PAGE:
Sat | May 30, 2020

In support of the postponement of the Tokyo 2020 Olympics

Published:Sunday | April 5, 2020 | 12:00 AM
Officials light a lantern from the Olympic Flame at the end of a flame display ceremony in Iwaki, northern Japan. Before the Olympics were postponed, Japan looked like it had COVID-19 infections contained, even as they spread in neighboring countries.
Don Anderson
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No one can be happy that the International Olympic Committee (IOC) has finally made a decision to call off the Tokyo Olympics until 2021. This was the only practical decision to have made, but the delay in coming to this position meant that athletes were kept in limbo for too long, and unnecessarily so.

I am one of those who have felt strongly that once the World Health Organization (WHO) declared the COVID-19 outbreak a pandemic on March 11, the Olympics should have been immediately called off.

I posit the following in support of this view.

- The acceleration in the rate of confirmed COVID-19 cases and deaths over the past three weeks mean that the novel coronavirus is not likely to reach its peak for at least another four to six weeks, effectively not before the middle of May, just nine weeks before the scheduled start of the Olympics in July. Not enough time for the Tokyo Organising Committee, irrespective of how efficient it is, to put all in place for hosting the Games.

- The prognosis by the medical experts is that even if the rate of new increases begins to fall off after that, this really just speaks to fewer cases emerging, so that it is anticipated that new cases will still be recorded in May and possibly June.

- The state of mind of the athletes is of paramount interest. The level of uncertainty, bordering on anxiety, as to whether the Games would go on or not could not have facilitated proper preparation.

- The athletes’ training environment has been severely impacted by the restrictions which have been imposed on personal movement, restrictions that are being tightened each week. So there were significant limitations to the realisation of the physical and mental well-being of the athletes, factors which are crucial to excellent performance.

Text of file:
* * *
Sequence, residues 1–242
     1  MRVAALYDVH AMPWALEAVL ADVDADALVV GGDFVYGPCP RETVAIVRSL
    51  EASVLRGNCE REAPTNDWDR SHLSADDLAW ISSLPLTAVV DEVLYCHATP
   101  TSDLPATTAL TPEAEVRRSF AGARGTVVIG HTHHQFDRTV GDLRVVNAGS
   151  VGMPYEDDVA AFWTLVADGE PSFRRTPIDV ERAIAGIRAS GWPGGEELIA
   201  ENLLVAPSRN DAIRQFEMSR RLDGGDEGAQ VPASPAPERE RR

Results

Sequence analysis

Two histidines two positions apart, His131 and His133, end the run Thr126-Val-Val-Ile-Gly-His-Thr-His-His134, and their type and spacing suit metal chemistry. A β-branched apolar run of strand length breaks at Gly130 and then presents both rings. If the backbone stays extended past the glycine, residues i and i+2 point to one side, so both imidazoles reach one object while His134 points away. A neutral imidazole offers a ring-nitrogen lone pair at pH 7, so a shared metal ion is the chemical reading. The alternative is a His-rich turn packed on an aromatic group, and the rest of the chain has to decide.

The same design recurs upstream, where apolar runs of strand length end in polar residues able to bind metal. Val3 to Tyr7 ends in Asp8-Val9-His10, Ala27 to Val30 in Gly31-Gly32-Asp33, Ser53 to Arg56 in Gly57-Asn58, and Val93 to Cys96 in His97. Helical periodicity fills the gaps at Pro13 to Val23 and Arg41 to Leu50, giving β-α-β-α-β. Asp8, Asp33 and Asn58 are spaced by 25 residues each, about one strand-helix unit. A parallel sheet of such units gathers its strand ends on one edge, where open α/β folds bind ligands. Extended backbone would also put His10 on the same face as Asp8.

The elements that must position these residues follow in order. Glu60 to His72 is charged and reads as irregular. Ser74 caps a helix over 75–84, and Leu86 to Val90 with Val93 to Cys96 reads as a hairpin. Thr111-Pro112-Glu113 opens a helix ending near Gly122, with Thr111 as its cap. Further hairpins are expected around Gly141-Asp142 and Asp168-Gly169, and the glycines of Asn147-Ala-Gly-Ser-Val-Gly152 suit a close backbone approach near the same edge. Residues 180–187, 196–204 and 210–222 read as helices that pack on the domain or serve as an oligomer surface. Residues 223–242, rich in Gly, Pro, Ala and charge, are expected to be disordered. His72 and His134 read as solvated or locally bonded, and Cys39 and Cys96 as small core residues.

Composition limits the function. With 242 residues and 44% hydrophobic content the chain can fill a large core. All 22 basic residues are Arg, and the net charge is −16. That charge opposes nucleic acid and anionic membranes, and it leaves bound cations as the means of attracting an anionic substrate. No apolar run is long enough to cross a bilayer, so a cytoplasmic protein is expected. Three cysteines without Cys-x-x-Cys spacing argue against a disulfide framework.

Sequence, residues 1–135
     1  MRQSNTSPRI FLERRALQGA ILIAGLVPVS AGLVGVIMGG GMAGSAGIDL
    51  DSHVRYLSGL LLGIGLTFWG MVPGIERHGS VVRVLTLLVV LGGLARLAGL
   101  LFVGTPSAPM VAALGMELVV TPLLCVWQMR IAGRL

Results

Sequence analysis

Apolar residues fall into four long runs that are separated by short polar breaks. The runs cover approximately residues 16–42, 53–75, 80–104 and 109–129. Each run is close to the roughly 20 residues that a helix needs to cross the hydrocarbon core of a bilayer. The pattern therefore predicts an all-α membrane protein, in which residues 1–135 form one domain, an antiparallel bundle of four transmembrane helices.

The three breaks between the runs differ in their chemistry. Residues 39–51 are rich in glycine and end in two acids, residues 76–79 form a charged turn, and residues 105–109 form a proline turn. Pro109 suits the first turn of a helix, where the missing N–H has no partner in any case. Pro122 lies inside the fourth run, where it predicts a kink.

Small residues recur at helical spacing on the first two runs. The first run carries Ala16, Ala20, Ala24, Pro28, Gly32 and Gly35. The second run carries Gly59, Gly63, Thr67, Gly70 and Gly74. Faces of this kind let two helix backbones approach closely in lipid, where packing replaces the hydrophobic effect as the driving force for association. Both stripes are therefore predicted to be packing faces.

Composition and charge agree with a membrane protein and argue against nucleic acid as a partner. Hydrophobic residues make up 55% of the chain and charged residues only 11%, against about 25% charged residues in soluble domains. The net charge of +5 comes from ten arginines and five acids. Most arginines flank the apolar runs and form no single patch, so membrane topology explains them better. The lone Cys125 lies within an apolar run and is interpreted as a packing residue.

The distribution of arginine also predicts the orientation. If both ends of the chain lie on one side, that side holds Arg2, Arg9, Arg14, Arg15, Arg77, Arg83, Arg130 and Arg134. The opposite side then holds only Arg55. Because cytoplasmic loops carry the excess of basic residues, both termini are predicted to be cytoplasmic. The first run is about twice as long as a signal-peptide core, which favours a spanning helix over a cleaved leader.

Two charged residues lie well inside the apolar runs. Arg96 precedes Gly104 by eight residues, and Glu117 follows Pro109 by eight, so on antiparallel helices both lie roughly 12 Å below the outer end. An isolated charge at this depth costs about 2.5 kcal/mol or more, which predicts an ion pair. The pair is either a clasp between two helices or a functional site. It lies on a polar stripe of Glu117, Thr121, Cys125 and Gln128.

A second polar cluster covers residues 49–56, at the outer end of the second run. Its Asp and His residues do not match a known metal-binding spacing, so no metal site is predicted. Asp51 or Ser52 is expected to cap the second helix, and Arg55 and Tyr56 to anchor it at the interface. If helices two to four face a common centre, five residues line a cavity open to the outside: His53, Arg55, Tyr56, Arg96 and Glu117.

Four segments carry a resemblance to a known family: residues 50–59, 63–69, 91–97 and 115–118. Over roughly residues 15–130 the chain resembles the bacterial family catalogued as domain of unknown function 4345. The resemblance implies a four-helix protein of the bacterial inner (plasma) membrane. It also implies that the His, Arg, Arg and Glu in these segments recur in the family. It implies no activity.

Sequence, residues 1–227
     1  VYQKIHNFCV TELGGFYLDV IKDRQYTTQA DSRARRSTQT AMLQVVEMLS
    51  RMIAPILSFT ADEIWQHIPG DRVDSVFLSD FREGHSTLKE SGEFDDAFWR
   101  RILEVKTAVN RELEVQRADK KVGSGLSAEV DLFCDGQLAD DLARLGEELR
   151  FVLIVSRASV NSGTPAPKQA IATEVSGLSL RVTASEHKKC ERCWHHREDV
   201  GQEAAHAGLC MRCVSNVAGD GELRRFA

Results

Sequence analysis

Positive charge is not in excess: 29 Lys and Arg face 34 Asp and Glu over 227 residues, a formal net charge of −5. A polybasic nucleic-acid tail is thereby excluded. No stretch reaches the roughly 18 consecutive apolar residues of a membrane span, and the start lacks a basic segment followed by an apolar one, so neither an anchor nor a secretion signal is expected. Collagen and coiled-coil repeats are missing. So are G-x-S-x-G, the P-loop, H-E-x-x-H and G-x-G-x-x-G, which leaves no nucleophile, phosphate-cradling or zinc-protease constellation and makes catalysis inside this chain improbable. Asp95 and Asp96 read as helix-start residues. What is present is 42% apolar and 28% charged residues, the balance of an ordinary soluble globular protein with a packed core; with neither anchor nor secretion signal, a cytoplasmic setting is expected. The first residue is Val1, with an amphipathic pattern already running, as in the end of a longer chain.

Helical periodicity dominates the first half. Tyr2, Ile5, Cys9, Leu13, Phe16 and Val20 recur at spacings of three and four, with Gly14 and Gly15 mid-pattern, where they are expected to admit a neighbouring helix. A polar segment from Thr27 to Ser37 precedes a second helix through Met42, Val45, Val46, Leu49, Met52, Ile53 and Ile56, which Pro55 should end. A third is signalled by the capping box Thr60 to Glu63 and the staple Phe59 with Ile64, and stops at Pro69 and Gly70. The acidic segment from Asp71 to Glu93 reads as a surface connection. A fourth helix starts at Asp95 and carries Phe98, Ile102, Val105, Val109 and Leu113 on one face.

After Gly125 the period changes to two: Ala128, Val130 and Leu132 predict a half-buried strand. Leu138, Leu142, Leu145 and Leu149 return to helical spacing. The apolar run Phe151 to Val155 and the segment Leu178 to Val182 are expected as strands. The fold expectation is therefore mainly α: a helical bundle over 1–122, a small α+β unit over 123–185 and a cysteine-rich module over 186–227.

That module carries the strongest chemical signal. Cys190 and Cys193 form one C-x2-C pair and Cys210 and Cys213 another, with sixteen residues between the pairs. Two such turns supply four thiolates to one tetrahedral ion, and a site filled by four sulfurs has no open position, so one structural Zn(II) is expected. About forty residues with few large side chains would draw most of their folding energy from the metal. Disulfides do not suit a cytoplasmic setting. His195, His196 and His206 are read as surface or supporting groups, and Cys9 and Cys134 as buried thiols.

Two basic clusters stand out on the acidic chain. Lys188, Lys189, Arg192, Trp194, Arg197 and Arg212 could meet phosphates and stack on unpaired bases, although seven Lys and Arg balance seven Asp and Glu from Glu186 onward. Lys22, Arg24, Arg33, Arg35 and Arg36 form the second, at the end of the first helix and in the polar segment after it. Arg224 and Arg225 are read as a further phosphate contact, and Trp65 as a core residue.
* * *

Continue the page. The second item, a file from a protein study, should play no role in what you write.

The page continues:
- If one assumed that by some miraculous occurrence, the holocaust of this pandemic eases by the end of May (not likely by any stretch of the imagination, of course), and a decision made to hold the Games, the village would be home to approximately 20,000 athletes and officials from around 210 countries, including those, of course, that were very heavily hit by the pandemic. They would have to live together in the village for upwards of three or four weeks. Can you imagine the fear factor?

- They would have to eat together in a dining room capable of accommodating close to 5,000 people seated at any one time, travel together on buses each day, work out at the same venues daily, compete in the same events. This would not be an environment that is conducive to good mental preparedness for performing up to one’s optimum. This would also be a veritable breeding ground for new infections.

- The hundreds of thousands of spectators from all over the world that were expected to converge on Tokyo would have presented a challenge of different proportions. To try to screen this volume of people traffic for the virus on a daily basis would have been a logistics nightmare for the most efficient organising committee and significant, unwanted frustration for the spectators.

- The trains and public transport in general for spectators travelling to and from the events are normally jam-packed. Nothing more needs to be said of the potential for continued and renewed infection.

- The health and safety of all concerned was taken into consideration in coming to a decision. There was, in fact, no option but to postpone the Games.

GOOD SENSE PREVAILED

I fully understand the financial plight of the athletes who will not be able to secure big sponsorship deals as a result of the postponement, as well as the loss of potential scholarships for those on the verge of securing these through various opportunities that would otherwise present themselves.

These are serious consequences that cannot be ignored. But good sense prevailed. Too much was stacked against the safe execution of the Games, and the IOC and the Tokyo Organising Committee exercised characteristic wisdom in arriving at this decision.

One hopes that other events that can generate funds for the athletes (Diamond League events in the case of track and field) can still take place from August onwards, which can cushion some of the serious financial losses athletes will experience.

I also fully understand the level of disruption in schedules already agreed to for 2021, that will occur because the Games was pushed back a year.

I firmly believe that good management discussions will take place to accommodate rescheduling of some events to facilitate holding the Olympic Games by July 23 next year.

Outright cancellation was out of the question. It is anticipated that Tokyo will have spent in excess of US$30 billion, conservatively, to host the Games. This must have been a major factor supporting postponement and not cancellation.

Finally, as someone who has been in the midst of it for seven consecutive Olympic Games, I genuinely believe that when the Games are held in 2021, they will be just as spectacular as those in Beijing and London, my last two stints as head of the Jamaica team.

- Pollster Don Anderson, CD, was vice-president of the Jamaica Olympic Association for 32 years, a member of Jamaica’s management team to seven consecutive Olympics from Seoul 1988, and head of delegation to five from Atlanta, Sydney, Athens, Beijing 2008, London 2012. Email feedback to columns@gleanerjm.com.